Baltimore’s orgy of cartography and geography

March 22, 2008

The ad says “Come visit Utopia in Baltimore.” With an orgy of maps like that planned, it should be a Utopia for somebody: Geographers, cartographers, historians, and anyone interested in travel.

Baltimore’s Walters Art Museum hosts an outstanding exhibit of world-changing maps through June 8, a Festival of Maps; the entire town appears to have gone ga-ga on the idea. Baltimore will be Map Central for a few weeks, at least.

The Baltimore Sun (one of the truly great newspapers in America) described some of the cartographic gems on display:

Among the treasures is a huge and beautiful map of the fossil-embedded geological strata that underlie England and Wales. That masterpiece, published in 1815 by a pioneering geologist named William Smith, offered evidence used to support Darwin’s theory of evolution and set the stage for creation-vs.-evolution debates that still rage.

Then there’s the map researched by a doctor named John Snow in the 1850s. It allowed him to trace the source of a cholera outbreak in London to a well used by residents of a single neighborhood.

And there will be charts prepared by geographer Marie Tharp of the Mid-Oceanic Ridge, a mountainous rise in the mid-Atlantic seabed, based on data gathered by American submarines during World War II and later used to provide evidence of how the Earth’s crust has evolved through geological time.

The Smith and Snow maps anchor key events in science, the origin of paleontology and one of the greatest examples of public health sleuthing. To have both of those maps in one exhibition is a great coup for the Walters, and for Baltimore.

The exhibit also features a map of Utopia drawn by Sir Thomas Moore. Other maps were drawn by Benjamin Franklin, J. R. R. Tolkein, and Leonardo da Vinci.

Here’s a video description of one of the more remarkable pieces on view, a map of London, on a glove:

Vodpod videos no longer available. from posted with vodpod

♦ ♦ ♦ ♦ ♦ ♦ ♦ ♦ ♦

Surely there is material here for the Strange Maps blog.  Here’s a still of the glove, from the collection of The National Archives, UK:

Glove map, from London's 1851 Exposition

Below the fold, a partial list of some of the other exhibits and events planned in and around Baltimore, which will convince you, I hope, that it is indeed an orgy worth getting a ticket to see.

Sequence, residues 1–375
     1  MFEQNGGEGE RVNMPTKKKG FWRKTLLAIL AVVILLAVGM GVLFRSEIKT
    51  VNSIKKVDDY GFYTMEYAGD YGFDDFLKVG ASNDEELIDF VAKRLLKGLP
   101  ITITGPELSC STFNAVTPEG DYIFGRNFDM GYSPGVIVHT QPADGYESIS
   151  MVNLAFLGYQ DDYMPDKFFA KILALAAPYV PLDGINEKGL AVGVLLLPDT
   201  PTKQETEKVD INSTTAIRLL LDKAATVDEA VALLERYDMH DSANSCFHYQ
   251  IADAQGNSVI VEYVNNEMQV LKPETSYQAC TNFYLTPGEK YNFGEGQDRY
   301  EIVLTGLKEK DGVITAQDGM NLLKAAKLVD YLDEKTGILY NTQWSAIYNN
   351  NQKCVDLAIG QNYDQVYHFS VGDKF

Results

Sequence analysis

Baltimore remains one of my favorite towns, despite the loss of my Johnny Unitas-led Colts, despite the Orioles’ recent mediocrity; it’s a place of great history, great neighborhoods, and good food. Crabcakes from several sites, dinner at Sabatino’s, maps in the museums. Utopia indeed.

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“Expelled!” incident makes the Big Time

March 22, 2008

Ray Sutera thoughtfully sent a note: The New York Times has a story detailing the expulsion of evolutionary biologist P. Z. Myers from a preview of the creationist movie “Expelled!”

Myers’ account is still funnier.

Why there need to be previews: Myers notes (see the footnote) that the movie appears to again plagiarizes Harvard University’s animation of the operation of a cell, an old creationist trick. If the lawyers get their way, that will be gone by the general release.

Update on the need for previews:  See Myers’ note in which he explains that the cell animation in the movie is not Harvard’s exactly, but a copy of Harvard’s version, repeating Harvard’s errors. It’s an attempt to avoid plagiarizing by adding bad grammar, sorta.

Annals of Global Warming: Plants refuse to listen to climate change skeptics

March 22, 2008

March 20 brought the Spring equinox, but our daffodils have been up for a couple of weeks. Spring comes a little earlier every year.

That fact, and news stories like these below must cause great angst in the bowels of the offices of U.S. Sen. Tom Coburn (R-Okla.) and other places climate change deniers hold sway. One can almost imagine some poor sap of a Coburn minion laboring away long into the night trying to devise legislation that will prevent Canadian thistles, redbuds, marigolds, wheat, soybeans and corn from reading about climate change or going to see Al Gore’s movie, and getting the wrong ideas.

I hope that minion is imaginary.

Here’s story #1: The Tuesday Science Section of the New York Times carried a story by Jim Robbins, “In a Warmer Yellowstone Park, a Shifting Environmental Balance.” Longtime readers probably know of my deep affection and ties to Yellowstone and the Mountain West. So of course this story catches my eye.

Robbins details an interesting set of changes being studied by Robert L. Crabtree, who is “chief scientist with the Yellowstone Ecological Research Center in Bozeman, Montana”: Invasive Canadian thistle, an exotic weed harries cattlemen throughout the world for the ways it destroys pasture land; despite its name, this thistle is an exotic from Asia, accidentally introduced to the Americas. The Lamar Valley in Yellowstone, formerly a wetland, continues to dry as a result of rising temperatures and lack of usual rainfall (a predicted effect of global climate change). Canadian thistle loves drying wetlands, and has invaded along the Lamar River. Officials fought the invasion for several years, but the fight seems lost.

The changes are dramatic, to observant ecologists: